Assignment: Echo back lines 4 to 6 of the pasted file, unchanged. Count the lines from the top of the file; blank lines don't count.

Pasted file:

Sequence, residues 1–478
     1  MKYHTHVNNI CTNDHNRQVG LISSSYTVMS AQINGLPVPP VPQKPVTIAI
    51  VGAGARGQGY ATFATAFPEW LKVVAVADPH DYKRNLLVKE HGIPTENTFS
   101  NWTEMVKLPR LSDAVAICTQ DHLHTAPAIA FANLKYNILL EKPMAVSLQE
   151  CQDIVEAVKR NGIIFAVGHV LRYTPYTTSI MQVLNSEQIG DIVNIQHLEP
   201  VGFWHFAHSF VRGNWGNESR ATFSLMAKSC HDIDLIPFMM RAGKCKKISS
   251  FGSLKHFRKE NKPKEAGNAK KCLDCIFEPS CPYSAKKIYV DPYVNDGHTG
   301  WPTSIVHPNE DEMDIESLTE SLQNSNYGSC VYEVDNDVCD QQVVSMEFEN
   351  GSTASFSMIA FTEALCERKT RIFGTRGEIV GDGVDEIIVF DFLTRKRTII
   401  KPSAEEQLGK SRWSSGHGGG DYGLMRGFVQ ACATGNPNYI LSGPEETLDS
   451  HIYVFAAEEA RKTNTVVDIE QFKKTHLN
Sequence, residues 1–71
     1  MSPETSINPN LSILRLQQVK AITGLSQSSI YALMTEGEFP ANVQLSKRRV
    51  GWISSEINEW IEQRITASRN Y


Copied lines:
   101  NWTEMVKLPR LSDAVAICTQ DHLHTAPAIA FANLKYNILL EKPMAVSLQE
   151  CQDIVEAVKR NGIIFAVGHV LRYTPYTTSI MQVLNSEQIG DIVNIQHLEP
   201  VGFWHFAHSF VRGNWGNESR ATFSLMAKSC HDIDLIPFMM RAGKCKKISS